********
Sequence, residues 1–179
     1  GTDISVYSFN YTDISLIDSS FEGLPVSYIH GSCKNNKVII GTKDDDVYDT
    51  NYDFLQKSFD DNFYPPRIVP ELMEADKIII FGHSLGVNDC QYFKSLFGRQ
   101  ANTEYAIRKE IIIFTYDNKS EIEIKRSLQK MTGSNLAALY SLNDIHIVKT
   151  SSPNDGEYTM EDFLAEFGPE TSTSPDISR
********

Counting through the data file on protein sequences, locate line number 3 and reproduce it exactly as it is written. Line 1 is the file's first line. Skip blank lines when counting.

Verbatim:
    51  NYDFLQKSFD DNFYPPRIVP ELMEADKIII FGHSLGVNDC QYFKSLFGRQ